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A very different Christmas – a look at the early results of a unique Christmas trading period

8 Jan 2021

Happy New Year from the This Week in Retail Team! To kick off our coverage of news and analysis in the retail sector in 2021, Managing Consultant Nick Hoenig reviews the results of the unusual 2020 Christmas trading period and where it leaves retailers in various sectors positioned for growth and recovery in 2021.

Happy New Year and welcome back, I hope you were able to have a restful Christmas break, however you were able to spend it.

Typically in retail in the month of January, every year, there is only one story – the rolling post-match analysis of Christmas. Understanding whose Christmas advert converted into additional sales, who won, who lost, who overbought and who got their forecasts right is the focus in an otherwise quiet month. However, things are different in the new normal, and this isn’t now the only topic of conversation.

Firstly, Christmas. Early reports suggest that grocers did well in an unusually buoyant market, up over 11% on the previous year – festive gatherings divided meant more cooking and self-catering, widespread local hospitality restrictions meant home celebrating, and food supply concerns over the Brexit deal meant some additional buying. Their online sales jumped significantly, for 7.4% to 12.6% in the festive period, which will have been a major challenge for the management and fulfilment of such an order growth in a short space of time. The latest IMRG Capgemini Online Retail Index shows that this would have been exacerbated as Lockdown 2.0 and Black Friday together triggered the highest November online sales growth since 2007, up to +39% Year-on-Year (YoY).

Whilst some of these stats will be (hopefully) one-offs for the particular situations of 2020, others continue to demonstrate the themes of winners and losers within the current retail climate.

Those who can compete are defined by having a strong online presence, quality demand sensing and forecasting that can insulate a business from the biggest challenges of volatile trading environments, a nimble store estate that can quickly slide along the scale between serving instore customers and serving online customers, including surges of both.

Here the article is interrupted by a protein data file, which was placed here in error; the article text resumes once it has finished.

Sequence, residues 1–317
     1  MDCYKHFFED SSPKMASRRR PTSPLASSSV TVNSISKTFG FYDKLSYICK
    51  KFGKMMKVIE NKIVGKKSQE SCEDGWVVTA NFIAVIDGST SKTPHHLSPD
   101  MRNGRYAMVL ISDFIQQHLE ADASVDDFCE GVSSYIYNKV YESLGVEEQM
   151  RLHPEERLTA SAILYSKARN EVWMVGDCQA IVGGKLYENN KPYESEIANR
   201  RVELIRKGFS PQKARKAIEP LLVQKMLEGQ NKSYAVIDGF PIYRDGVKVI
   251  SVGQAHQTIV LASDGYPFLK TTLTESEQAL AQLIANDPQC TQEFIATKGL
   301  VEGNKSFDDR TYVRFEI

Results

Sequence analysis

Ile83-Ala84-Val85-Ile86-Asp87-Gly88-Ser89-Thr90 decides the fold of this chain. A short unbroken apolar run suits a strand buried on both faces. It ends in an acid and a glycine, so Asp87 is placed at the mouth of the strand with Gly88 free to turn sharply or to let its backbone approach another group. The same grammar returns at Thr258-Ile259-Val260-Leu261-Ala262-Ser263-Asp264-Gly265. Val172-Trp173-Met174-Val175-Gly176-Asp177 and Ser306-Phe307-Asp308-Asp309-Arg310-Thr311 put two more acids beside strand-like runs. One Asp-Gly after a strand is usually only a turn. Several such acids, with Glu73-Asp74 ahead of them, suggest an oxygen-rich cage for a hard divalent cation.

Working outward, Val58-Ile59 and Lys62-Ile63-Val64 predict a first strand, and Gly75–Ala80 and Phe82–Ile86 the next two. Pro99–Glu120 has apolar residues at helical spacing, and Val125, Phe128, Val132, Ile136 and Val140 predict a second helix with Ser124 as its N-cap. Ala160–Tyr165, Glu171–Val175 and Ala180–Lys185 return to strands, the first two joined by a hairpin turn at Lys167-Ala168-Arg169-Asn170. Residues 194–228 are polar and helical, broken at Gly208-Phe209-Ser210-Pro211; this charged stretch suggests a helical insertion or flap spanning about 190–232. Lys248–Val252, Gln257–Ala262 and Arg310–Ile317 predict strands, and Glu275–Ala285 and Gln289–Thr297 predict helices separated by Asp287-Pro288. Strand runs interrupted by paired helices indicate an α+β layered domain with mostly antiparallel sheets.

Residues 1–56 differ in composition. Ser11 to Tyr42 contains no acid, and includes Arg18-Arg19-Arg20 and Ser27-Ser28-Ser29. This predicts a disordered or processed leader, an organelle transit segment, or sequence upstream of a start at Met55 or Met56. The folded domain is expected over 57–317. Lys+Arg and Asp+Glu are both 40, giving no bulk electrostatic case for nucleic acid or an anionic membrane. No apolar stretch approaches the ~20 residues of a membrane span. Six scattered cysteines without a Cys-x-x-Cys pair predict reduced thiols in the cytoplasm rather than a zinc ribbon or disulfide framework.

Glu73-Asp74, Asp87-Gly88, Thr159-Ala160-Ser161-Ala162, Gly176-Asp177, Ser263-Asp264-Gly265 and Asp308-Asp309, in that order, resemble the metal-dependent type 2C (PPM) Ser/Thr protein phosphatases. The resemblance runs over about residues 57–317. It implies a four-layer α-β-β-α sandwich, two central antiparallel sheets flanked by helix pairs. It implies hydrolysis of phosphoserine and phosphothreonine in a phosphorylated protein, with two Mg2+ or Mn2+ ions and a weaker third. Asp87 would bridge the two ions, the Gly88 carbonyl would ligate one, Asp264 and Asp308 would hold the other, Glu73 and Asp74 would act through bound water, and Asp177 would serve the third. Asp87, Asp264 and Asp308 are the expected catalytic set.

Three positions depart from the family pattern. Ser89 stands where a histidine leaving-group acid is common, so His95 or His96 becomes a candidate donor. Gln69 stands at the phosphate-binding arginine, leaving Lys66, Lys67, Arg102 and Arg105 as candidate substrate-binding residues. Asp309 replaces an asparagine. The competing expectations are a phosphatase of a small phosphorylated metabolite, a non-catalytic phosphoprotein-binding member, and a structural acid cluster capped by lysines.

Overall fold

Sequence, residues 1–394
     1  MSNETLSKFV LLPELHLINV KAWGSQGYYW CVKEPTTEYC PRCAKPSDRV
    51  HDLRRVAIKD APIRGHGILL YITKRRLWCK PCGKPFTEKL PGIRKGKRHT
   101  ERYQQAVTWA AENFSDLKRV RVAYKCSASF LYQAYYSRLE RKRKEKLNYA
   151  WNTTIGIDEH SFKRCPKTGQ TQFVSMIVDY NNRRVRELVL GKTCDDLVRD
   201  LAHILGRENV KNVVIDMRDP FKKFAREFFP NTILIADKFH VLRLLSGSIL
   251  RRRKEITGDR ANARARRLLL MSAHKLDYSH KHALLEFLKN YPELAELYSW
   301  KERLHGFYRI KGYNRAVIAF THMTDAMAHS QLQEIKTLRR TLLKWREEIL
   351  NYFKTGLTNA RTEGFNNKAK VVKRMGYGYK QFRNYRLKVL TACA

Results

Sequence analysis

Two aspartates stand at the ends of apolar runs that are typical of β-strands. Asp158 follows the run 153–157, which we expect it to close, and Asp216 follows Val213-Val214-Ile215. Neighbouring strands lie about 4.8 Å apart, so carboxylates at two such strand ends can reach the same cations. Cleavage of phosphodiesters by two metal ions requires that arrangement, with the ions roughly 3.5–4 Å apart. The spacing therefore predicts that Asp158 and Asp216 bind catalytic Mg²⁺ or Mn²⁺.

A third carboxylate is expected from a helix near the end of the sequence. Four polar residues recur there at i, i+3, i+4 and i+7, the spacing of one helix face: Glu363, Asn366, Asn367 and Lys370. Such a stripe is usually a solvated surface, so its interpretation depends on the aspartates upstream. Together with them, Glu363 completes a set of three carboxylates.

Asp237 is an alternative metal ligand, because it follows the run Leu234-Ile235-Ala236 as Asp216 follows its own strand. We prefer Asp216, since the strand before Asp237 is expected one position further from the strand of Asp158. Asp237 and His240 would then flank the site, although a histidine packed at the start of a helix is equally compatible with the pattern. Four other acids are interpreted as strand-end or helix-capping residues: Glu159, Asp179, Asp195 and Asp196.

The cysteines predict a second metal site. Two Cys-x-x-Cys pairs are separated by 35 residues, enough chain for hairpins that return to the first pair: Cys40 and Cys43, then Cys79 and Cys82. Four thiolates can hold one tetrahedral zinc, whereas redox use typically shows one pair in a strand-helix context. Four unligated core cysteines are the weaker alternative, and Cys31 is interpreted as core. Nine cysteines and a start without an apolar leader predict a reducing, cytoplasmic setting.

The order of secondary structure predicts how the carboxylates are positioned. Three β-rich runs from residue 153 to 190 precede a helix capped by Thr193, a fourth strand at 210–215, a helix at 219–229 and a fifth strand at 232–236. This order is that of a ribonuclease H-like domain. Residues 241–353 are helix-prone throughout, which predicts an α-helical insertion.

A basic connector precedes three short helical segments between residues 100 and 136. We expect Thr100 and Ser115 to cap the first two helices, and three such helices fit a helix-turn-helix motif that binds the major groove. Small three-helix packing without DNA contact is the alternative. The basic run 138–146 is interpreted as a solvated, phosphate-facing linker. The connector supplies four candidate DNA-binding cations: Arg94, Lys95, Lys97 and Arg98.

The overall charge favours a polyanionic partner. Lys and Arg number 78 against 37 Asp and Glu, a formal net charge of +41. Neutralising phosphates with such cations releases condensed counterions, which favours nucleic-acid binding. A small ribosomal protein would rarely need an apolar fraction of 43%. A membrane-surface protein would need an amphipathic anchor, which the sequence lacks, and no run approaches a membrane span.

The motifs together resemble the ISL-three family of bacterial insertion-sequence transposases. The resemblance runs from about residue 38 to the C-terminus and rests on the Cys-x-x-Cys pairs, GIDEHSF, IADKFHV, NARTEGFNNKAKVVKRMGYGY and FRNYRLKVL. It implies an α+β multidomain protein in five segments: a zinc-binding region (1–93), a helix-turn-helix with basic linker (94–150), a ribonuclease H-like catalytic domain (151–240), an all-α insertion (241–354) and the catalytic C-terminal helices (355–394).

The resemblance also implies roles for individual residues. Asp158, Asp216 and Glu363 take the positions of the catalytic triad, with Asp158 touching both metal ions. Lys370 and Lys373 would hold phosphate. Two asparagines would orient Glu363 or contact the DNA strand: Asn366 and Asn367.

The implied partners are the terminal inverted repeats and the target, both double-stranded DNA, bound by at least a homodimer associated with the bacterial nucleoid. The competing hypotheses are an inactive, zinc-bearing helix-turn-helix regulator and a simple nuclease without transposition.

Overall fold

In the coming week we will see what exposure others have to disruptions from lockdowns, and how that have been able to offset some of that through the strengths outlined. Next, for example, show some resilience in this sense (albeit with still a significant impact over the period), compared to Primark who have no online channel to fall back on.

Outside of the perennial January retail story, other ongoing stories relate to how retailers continue to adapt to trading in the pandemic. Morrisons has offered up 47 stores to become vaccination centres, and Tesco and Boots have also offered up their shops and supply chains (in Tesco’s case, its wholesale logistics arm which normally supplies the catering and hospitality industries) to support the rollout. Expect to see more during 2021 of retailers continuing to adapt to varying demands and trading environments, and how they use their space, scale and supply chains to support their customers and the wider recovery.

Finally, an interesting story comes in the way of Amazon buying 11 planes to boost its airfreight capacity. Amazon has been growing Amazon Transportation Services (ATS) since its inception in 2015, to reduce the costs it pays for ‘middle mile’ delivery. It is thought to have spent around $40bn on shipping in the first 9 months of 2020, through a mix of its scale and the increased shipping costs brought on by the pandemic – for reference, Fedex’s revenue for the year before was ~$70bn. If Amazon can apply its scale, competitiveness and innovation to middle mile shipping, it has a huge opportunity not just to reduce those costs but turn that cost base in to revenue, and go head to head with other middle mile delivers.

First week of 2021 done – we got there! Have a lovely weekend when you get to it and stay safe,